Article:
Anthrax Antibodies Found in Defector Suggests North Korean Access to the Deadly Spores

Anthrax is a deadly bacterial infection caused by the bacterium bacillus anthracis. The infection comes from contact with the bacteria’s spores through broken skin, eating or breathing. Although skin infections can have as little as a 24 percent fatality rate, lung or respiratory infections can kill 50 to 80% of victims even with access to treatment. Symptoms of inhaled anthrax often include fever, chest pain, and shortness of breath.

Fears that North Korea may have been able to weaponize anthrax arise as a defector tested positive for antibodies, which means he was either exposed to the disease prior or had been vaccinated. The discovery is causing great discomfort throughout South Korea since a vaccine is not currently available for their military.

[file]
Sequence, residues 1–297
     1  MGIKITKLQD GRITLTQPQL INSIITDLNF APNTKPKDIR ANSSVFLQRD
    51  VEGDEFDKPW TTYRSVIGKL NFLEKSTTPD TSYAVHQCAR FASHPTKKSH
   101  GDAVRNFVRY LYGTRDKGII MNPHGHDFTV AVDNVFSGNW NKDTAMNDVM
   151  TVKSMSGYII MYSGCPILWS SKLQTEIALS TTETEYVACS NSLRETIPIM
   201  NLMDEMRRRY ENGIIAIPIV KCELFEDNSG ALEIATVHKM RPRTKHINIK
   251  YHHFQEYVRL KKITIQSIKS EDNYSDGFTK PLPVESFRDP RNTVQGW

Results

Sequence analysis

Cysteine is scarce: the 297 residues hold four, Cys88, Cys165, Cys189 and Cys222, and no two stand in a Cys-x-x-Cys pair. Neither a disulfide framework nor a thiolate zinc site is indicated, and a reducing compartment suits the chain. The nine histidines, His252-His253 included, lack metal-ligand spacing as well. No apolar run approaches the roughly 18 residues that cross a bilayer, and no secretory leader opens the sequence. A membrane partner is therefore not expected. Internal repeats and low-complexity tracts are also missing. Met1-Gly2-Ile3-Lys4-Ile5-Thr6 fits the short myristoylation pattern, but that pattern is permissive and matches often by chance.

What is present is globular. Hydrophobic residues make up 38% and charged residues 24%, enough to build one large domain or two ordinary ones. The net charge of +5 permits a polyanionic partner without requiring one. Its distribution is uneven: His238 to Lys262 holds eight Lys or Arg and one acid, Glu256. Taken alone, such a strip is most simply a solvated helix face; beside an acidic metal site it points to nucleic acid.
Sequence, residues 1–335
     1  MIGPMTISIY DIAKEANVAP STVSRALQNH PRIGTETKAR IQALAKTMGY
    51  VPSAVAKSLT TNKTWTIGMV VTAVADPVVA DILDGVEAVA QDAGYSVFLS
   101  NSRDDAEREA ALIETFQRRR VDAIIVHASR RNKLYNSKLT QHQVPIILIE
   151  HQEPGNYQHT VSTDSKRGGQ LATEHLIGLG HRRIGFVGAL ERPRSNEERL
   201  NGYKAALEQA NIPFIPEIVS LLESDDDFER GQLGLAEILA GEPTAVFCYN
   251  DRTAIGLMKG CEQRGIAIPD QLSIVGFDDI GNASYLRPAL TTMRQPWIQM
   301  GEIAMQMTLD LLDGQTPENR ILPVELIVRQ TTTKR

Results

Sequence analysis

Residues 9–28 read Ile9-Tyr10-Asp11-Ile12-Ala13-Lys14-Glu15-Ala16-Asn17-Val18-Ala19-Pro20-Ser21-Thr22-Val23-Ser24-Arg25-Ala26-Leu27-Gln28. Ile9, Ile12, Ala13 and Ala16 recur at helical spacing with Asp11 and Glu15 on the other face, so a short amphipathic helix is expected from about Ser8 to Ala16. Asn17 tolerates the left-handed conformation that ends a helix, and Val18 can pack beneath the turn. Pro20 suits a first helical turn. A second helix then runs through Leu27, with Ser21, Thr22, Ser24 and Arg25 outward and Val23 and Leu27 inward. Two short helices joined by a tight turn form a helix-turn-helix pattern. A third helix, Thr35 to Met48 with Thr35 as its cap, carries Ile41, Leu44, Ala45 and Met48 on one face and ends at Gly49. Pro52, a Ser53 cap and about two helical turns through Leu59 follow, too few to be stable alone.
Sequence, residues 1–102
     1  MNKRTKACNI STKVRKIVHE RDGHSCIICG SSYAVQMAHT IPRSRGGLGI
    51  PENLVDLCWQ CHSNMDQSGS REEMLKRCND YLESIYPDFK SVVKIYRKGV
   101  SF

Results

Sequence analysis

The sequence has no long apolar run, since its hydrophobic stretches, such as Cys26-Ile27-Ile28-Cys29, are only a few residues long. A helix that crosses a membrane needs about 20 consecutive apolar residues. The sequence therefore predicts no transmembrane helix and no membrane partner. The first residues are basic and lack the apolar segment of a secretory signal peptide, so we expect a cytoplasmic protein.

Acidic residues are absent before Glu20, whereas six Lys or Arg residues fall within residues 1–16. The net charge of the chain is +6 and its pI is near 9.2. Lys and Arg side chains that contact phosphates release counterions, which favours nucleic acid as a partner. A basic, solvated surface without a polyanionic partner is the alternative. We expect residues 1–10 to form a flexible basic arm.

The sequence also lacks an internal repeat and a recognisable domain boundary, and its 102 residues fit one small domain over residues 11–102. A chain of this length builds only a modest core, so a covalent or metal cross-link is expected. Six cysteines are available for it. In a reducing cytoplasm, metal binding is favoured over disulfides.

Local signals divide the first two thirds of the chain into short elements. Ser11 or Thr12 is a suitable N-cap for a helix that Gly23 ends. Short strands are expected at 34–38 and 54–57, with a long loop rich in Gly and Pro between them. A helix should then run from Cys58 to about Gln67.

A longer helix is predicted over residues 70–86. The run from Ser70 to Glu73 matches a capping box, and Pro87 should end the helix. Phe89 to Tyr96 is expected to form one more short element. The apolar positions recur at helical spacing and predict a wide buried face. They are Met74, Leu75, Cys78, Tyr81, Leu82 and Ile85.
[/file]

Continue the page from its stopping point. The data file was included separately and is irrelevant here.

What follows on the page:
Choi Hyun-soo, a South Korean Defense Ministry spokeswoman said a “vaccine is expected to be developed by the end of 2019,” but does not think one will be readily available sooner.

Recent reports identify concerns of North Korea possibly carrying out illegal biological weapons testings possibly in effort to load a missile with a deadly disease such as anthrax. Suspicions of chemical weapons manufacturing in North Korea began in 2015, when the country made works in the Pyongyang Biological Technology Research Institute available to the public.

The South Korean official who came forward with information regarding the defector carrying anthrax antibodies spoke on the condition of remaining anonymous. The official did not say which of four defectors that have come over in the last year had tested positive.




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